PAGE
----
Embrace Book Tour: Interview with Jessica Shirvington

As you all remembered, a few weeks ago I did a book review for the book, Embrace by Jessica Shirvington. Today Just Us Girls is a part of her book tour and I'll be sharing with you our interview we had a chance to do with the author. 


Jessica Shirvington

1. Tell me about your book. How did you come up with that story?

EMBRACE is the story of seventeen-year-old, Violet Eden, who discovers that she is caught up in this ancient battle between exiled angels on earth and angel-human warriors that fight against them called the Grigori. Violet’s destiny is entwined in this eternal battle and she must make her choice – to follow the path that has been set for her, or turn her back on her destiny. It is a story of free will, choice and consequence. And at the heart of it all she is torn between the two men in her life; Lincoln – her long time crush and the one person she thought she could trust until she discovers he has been lying to her for the past two years, and Phoenix – the exiled angel who is supposed to be her enemy but somehow always seems to be there when she needs someone and stirs feelings that she doesn’t fully understand.

The story started with the idea of having a plot based around choice, consequence and sacrifice - asking the questions, do we get a choice? Is our fate determined? And if so, how does the process of choice making then work? I wanted to bring mythology into the story because when you are talking about such base concepts as choice and freewill then it seems sensible to go back to the beginning. This ultimately led to the idea of angels and the story's interpretation of role they play.

2. How did you get interested in writing this particular genre?

Because I read more YA than anything else. It is the genre I love above all others and when I started to write Embrace it wasn't about if the novel would be YA or Adult - it never occurred to me that there was a choice. YA is definitely the most fun to write. :-)

3. What kind of research did you do for this book?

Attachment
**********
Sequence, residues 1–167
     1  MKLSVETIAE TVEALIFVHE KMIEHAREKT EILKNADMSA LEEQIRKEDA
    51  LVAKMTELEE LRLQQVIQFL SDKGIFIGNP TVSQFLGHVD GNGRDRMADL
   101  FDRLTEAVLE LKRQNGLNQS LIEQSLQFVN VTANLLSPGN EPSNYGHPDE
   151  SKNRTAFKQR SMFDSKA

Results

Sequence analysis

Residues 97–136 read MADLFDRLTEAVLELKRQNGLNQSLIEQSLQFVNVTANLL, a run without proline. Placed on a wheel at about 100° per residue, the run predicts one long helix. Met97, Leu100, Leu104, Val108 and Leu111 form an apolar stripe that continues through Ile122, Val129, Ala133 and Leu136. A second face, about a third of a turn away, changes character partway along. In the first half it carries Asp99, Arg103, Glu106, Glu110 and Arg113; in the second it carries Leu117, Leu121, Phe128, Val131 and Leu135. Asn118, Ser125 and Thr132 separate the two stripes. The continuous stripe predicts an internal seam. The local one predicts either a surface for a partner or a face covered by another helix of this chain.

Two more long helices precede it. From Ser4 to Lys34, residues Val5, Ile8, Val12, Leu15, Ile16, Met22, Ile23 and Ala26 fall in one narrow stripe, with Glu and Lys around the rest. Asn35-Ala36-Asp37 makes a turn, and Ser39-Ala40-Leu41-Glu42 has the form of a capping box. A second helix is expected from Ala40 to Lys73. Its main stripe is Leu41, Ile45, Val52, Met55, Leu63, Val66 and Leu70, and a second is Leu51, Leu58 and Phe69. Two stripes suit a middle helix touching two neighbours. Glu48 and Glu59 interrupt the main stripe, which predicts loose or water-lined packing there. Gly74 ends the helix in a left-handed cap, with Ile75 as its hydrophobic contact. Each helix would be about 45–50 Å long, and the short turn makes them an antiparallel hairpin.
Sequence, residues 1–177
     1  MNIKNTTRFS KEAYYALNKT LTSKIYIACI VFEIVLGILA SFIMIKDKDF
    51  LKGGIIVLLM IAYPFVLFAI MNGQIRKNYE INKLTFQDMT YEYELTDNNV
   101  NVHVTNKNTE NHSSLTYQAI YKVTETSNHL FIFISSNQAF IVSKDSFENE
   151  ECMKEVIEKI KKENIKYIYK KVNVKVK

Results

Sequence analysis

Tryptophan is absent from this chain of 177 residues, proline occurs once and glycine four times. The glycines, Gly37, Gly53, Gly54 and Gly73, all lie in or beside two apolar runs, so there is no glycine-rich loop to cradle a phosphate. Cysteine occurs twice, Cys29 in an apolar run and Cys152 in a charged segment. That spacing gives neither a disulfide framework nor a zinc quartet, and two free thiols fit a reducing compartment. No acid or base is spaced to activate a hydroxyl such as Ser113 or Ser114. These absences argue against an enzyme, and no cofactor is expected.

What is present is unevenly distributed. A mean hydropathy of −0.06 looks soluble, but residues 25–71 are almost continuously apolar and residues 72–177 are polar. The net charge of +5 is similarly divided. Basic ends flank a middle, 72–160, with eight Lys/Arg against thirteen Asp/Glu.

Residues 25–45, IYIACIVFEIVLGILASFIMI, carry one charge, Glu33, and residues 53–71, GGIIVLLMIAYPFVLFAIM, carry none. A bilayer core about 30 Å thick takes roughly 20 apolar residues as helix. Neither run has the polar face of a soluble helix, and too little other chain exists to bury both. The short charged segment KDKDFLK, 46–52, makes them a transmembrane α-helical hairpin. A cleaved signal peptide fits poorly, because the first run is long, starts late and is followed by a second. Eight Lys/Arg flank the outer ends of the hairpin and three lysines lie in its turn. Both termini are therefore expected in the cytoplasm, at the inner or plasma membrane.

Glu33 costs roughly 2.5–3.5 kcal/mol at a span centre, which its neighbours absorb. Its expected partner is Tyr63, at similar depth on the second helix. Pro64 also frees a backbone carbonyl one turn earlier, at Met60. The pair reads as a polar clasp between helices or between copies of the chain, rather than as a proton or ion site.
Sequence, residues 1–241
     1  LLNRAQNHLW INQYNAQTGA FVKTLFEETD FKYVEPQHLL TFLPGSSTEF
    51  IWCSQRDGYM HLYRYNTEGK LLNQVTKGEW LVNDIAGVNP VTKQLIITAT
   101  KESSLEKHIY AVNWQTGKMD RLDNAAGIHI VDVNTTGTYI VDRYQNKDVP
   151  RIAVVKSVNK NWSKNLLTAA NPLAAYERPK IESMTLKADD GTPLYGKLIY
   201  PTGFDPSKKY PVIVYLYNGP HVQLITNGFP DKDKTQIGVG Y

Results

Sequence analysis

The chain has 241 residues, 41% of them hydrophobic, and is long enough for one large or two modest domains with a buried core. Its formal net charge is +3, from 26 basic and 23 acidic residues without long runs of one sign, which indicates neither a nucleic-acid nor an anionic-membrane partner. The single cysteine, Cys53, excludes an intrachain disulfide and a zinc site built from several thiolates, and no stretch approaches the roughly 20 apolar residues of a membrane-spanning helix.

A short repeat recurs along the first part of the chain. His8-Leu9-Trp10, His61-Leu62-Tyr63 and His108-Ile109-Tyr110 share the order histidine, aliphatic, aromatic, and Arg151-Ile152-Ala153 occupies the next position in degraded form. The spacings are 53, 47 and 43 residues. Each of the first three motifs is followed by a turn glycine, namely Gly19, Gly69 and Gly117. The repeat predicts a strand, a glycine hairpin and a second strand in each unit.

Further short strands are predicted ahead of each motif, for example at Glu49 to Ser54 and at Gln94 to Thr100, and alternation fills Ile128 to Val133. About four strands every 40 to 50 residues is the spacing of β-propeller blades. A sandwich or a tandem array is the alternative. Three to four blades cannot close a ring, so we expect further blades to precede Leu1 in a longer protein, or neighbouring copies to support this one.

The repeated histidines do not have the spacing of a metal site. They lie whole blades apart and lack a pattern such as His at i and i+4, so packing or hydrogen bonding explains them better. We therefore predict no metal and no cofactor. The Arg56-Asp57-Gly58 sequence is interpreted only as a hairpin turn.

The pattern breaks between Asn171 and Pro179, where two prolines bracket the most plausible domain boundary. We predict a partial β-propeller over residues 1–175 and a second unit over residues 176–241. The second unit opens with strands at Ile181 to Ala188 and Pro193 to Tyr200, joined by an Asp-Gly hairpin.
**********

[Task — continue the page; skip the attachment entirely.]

The research was huge. There is just so much out there and sometimes you have to do a lot to get a very small amount that is appropriate for your needs. I spend a lot of time compiling notebooks on different mythology highlighting possible story threads they could offer. I also researched many varying religious stories that involved angels. I find it fascinating that each religion takes its own unique view on angels and the role they play in the universe. 
In the end, I have learned that research isn't so much about what you do find, it is often about what you don't find - the holes in the folklore that leave windows open for new possible interpretations.

4. What's a typical working day like for you? When and where do you write? Do you set a daily writing goal?

A typical workday for me is long. I start by loading up on coffee and it usually takes a while to simply catch up on emails etc. Then, depending where I am on different book schedules, it all comes down to prioritizing deadlines. It can get a bit complicated since the books are in international markets and at slightly different stages of release. So, whilst I might be concentrating on a book's marketing campaign in one markets, I might also be mid-edit on a different book in another market. Long story short, I make lists. And they scatter around my desk as I try to keep up! But, when I am in draft stage - developing a new book and storyline and spending time working out my characters - that's when I go into lockdown. The more I let myself get distracted, the less the story flows. The first draft is ALL-important and it comes before most other tasks to me.
I write in my dining room which has now basically turned into my permanent office (no dinner parties for me!).
I don't set a daily writing goal. There is enough pressure to make the story work. Somedays the story isn't flowing and I don't feel good about it. On those days I see no point in forcing something that could influence the entire story. And when things are going well, I can write and write and write - it becomes a race to get the thoughts in my head onto the screen.

5. What is the hardest part of writing for you?

The time between finishing my final draft and handing it in to my publishers. It doesn't matter how many times I do it, or how passionate I am about the story I have written, I always freak out.

6. What’s the best thing about being an author?

When readers enjoy the story. When a scene or a character really affects them and inspires a reaction. There is nothing better than that because, as a writer, that's when you feel like you have done your job.


7. Any advice for aspiring writers out there?

Push on. Writing well requires putting words on paper - without the words, there is nowhere to go. Before you over-analyze everything, give yourself a chance to write a story from start to finish and know that at the end when you go back and reread it is normal to find a lot you don't like - in fact, that is a good thing. Be honest with yourself and write what you feel you really understand - if you can see the holes in your story, then, so will everyone else. Finally, write characters that behave in ways you can connect with, these ones are always the best. 

We'd like to thank Jessica Shirvington for her time and also if you'd like to know more about her series, Embrace, please feel free to check her website and Facebook page out!

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